Aragon DAO Review – An Utopia in the Making
One of the beauties of blockchain technology is that it enables the creation of multi-layered worlds. It is similar to our Universe in which countless galaxies contain numerous solar systems, which in turn consist of several planets, each with diverse ecosystems. In turn, these ecosystems follow the same hierarchical scale down to the smallest atom. The possibilities of development are endless.
Aragon is a decentralized autonomous organization (DAO) that allows the development and existence of other DAOs within its realm. It is one of the many worlds on the blockchain that enable the creation of other worlds. Furthermore, it lets them create their governance model for as long as they abide by Aragon’s form of governance, and which tends towards pure, unabating democracy.
It might be too soon for an Aragon review, as this DAO world is barely starting to evolve and expand. However, it is worth observing its remarkable progress, the way it works, and what it has in store for the future.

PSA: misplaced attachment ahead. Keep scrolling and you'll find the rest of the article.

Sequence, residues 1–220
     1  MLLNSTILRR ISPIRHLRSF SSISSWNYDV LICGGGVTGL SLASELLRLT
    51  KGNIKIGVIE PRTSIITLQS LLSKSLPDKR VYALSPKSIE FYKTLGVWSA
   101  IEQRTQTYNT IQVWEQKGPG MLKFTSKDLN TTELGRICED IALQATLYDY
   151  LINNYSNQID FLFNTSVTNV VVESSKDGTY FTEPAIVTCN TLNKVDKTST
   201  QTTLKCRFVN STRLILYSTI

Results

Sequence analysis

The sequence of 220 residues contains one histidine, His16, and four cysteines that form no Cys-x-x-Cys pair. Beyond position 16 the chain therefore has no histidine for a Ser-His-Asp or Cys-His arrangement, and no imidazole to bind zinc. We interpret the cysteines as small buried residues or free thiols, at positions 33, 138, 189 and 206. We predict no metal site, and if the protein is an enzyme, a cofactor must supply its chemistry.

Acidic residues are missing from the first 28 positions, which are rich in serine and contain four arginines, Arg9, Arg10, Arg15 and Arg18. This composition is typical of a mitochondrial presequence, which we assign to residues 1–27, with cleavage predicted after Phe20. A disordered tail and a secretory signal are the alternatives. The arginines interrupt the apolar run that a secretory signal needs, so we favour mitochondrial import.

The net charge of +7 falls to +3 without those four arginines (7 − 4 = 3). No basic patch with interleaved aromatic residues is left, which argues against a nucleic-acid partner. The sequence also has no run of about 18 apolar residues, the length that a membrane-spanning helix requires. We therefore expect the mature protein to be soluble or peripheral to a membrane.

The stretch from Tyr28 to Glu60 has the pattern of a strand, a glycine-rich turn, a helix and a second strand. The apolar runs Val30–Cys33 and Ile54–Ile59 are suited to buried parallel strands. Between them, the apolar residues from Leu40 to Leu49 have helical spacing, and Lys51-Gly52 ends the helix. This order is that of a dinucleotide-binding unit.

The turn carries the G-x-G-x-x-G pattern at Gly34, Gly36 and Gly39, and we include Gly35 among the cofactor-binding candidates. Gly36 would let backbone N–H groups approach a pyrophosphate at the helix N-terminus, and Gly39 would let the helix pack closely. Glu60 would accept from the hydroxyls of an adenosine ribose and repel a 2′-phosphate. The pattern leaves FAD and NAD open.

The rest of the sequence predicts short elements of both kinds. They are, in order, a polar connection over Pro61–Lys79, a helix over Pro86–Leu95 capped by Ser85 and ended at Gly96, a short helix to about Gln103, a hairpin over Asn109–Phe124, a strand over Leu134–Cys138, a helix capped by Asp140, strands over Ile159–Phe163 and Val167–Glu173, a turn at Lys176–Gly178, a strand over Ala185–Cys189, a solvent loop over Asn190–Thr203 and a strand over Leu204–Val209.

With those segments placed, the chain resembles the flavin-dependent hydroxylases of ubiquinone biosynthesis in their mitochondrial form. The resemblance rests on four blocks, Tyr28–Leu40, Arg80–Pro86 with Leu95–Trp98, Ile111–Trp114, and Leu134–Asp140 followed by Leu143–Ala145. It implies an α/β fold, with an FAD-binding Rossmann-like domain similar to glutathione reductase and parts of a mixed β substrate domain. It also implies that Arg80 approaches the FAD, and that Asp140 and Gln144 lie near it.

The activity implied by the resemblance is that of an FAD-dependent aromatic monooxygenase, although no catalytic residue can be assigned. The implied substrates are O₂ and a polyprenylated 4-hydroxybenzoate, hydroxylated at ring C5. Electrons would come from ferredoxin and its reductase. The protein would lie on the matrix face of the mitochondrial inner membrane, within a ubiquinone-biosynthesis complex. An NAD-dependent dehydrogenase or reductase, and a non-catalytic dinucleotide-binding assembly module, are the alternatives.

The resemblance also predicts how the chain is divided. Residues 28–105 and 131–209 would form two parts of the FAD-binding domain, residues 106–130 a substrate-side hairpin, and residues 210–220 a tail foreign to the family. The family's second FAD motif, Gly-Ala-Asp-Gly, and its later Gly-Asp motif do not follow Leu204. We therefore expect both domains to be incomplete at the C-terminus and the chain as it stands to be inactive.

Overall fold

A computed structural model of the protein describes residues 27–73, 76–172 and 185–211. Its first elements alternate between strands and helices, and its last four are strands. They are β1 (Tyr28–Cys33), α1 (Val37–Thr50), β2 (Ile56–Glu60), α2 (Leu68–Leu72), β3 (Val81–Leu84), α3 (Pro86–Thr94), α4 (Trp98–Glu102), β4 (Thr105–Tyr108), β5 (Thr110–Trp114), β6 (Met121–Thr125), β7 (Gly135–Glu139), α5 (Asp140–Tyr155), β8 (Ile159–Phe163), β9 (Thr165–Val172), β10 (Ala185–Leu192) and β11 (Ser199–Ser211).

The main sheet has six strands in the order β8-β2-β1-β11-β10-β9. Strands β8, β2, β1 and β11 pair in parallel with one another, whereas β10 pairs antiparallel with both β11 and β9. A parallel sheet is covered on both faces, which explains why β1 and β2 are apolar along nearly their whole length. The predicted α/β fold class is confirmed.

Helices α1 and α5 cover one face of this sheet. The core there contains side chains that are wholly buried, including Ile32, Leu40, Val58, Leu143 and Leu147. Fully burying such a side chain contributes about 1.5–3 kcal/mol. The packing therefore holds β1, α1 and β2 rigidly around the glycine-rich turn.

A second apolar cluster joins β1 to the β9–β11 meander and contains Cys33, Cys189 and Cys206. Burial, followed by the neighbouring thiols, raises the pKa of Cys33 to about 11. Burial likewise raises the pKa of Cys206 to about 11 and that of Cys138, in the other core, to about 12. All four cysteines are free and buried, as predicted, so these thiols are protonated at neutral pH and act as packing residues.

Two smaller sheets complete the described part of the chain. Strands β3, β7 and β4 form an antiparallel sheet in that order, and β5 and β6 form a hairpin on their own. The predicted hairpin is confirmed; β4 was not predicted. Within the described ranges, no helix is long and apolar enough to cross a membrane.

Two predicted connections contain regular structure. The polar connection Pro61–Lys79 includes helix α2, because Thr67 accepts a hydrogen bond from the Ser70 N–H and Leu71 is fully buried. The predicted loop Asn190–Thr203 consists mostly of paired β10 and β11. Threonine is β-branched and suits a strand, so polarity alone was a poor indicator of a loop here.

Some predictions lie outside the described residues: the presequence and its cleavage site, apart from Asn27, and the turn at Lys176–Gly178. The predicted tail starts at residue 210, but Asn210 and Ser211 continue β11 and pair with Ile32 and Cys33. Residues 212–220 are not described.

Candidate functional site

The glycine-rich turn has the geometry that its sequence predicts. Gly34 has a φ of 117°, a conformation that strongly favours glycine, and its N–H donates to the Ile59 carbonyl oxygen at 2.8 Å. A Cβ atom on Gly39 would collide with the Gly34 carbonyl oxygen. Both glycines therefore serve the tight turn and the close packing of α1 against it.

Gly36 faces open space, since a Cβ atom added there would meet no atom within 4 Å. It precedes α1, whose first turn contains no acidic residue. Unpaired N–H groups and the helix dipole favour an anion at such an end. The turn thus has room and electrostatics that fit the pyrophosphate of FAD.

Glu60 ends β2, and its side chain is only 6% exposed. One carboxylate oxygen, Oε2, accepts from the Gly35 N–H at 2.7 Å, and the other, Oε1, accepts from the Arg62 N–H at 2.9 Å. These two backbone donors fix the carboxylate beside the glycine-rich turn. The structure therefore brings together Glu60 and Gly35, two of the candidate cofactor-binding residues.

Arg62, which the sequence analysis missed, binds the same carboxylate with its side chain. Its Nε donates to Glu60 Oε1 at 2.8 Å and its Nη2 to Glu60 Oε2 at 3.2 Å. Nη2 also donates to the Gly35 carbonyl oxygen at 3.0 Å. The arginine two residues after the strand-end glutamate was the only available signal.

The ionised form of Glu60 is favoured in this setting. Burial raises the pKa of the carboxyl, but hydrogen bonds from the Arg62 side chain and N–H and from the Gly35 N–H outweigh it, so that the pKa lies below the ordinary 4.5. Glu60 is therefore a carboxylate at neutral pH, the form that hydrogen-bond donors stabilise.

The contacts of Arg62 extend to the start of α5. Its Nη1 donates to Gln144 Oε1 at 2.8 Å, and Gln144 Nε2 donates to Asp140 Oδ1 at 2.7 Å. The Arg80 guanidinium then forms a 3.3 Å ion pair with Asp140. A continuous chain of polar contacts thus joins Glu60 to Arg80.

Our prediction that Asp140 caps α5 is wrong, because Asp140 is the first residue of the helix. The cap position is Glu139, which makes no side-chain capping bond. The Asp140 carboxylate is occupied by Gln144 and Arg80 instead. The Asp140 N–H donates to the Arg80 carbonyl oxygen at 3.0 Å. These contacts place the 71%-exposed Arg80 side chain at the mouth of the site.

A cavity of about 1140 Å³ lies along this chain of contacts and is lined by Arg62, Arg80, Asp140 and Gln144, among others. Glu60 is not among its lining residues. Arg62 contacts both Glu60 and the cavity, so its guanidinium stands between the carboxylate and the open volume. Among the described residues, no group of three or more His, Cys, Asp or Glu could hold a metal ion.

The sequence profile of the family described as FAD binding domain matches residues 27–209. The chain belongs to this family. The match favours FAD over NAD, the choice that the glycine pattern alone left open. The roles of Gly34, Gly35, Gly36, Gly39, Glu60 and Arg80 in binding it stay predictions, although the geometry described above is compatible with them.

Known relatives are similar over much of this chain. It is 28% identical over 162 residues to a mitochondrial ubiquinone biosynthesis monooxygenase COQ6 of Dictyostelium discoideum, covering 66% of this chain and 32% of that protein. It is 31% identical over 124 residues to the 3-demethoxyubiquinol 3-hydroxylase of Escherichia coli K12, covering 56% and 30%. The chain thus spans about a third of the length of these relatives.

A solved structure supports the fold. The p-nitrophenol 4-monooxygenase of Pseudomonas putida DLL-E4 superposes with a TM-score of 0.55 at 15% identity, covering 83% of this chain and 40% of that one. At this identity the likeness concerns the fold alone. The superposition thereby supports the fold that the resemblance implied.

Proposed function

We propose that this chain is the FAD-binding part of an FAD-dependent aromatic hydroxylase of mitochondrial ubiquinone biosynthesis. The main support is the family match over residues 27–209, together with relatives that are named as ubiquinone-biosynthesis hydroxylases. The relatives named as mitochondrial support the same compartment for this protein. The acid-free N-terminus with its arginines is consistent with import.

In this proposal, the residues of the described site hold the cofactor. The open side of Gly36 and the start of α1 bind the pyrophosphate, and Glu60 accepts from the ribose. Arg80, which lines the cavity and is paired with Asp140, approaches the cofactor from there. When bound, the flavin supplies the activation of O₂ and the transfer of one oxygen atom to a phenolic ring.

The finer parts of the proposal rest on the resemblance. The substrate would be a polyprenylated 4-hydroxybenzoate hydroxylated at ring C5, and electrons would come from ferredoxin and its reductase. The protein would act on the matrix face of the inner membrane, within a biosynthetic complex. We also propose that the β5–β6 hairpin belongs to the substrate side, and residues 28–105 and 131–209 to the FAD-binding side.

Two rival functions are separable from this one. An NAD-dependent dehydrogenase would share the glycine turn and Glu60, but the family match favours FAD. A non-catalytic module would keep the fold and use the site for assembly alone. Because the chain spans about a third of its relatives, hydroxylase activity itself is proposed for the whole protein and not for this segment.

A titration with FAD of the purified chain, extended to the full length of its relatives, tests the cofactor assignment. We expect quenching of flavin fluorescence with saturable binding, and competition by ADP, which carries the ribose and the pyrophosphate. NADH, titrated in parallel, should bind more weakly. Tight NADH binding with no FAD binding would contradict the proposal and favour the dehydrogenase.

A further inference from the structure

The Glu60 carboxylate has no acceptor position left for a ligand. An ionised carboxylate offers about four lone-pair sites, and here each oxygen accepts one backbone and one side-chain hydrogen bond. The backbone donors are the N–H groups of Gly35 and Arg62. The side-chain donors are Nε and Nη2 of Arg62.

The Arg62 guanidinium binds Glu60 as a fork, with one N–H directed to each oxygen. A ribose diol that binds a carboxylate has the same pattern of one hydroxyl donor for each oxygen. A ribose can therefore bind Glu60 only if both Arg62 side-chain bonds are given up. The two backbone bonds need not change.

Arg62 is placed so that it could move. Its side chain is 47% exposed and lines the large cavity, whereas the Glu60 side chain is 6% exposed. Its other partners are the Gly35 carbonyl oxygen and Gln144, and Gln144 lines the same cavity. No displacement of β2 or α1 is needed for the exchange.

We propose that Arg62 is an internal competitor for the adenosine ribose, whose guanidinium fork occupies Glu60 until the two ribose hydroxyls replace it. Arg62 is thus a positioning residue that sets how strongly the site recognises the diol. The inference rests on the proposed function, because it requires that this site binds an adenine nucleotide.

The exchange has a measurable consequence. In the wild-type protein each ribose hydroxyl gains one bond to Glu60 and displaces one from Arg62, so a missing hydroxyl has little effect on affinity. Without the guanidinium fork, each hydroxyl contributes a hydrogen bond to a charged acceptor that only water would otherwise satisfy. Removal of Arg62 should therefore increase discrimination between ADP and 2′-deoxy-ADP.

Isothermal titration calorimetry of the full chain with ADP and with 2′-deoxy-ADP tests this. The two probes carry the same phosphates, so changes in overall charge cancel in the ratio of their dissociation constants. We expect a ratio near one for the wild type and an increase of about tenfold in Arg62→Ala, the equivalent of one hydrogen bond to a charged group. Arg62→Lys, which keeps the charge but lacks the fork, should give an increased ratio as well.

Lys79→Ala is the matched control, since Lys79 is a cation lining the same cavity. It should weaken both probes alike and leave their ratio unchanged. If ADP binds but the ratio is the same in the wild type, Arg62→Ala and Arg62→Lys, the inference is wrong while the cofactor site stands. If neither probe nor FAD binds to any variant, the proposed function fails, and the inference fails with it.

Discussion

Since its launch in 2017, Aragon has supported the creation and development of over 1,500 DAOs in its network. These projects have stored more than $350 million in assets on the platform. It is a bright start for an ambitious project, and many are wondering if it has what it takes to live up to its promise.
What is Aragon?
Aragon is a decentralized autonomous organization (DAO) that enables other entities to develop their own DAOs on the platform by using preset templates of smart contracts. The templates vary depending on the project, and they can vary from corporations to startups and charities.
Aragon is built on the Ethereum blockchain, and it aims to create an ever-expanding ecosystem of dAPPs, crypto protocols, and DAOs that would compete in a form of governance capitalism. The goal would be to discover the most effective governance model that could later be implemented in real-world organizations and institutions.
Aragon itself functions on several decentralized digital jurisdictions, like Aragon Court and Aragon One. It also uses no less than three different tokens, out of which the ANT token gives governance powers to the participants.
The internal decisions, developments, and disputes are settled based on a code of core principles, called the Aragon Manifesto. Some of the guiding values in the document include:
- Freedom of choice
- Disincentivization of violence
- Decentralization of power
- Long-term value over short term profit
- User participation
Anyone who wants to develop a new project on Aragon has to abide by these rules. The developers consider this document to be in its “alpha” form and expect the community to develop it further in time.
What is the ANT token?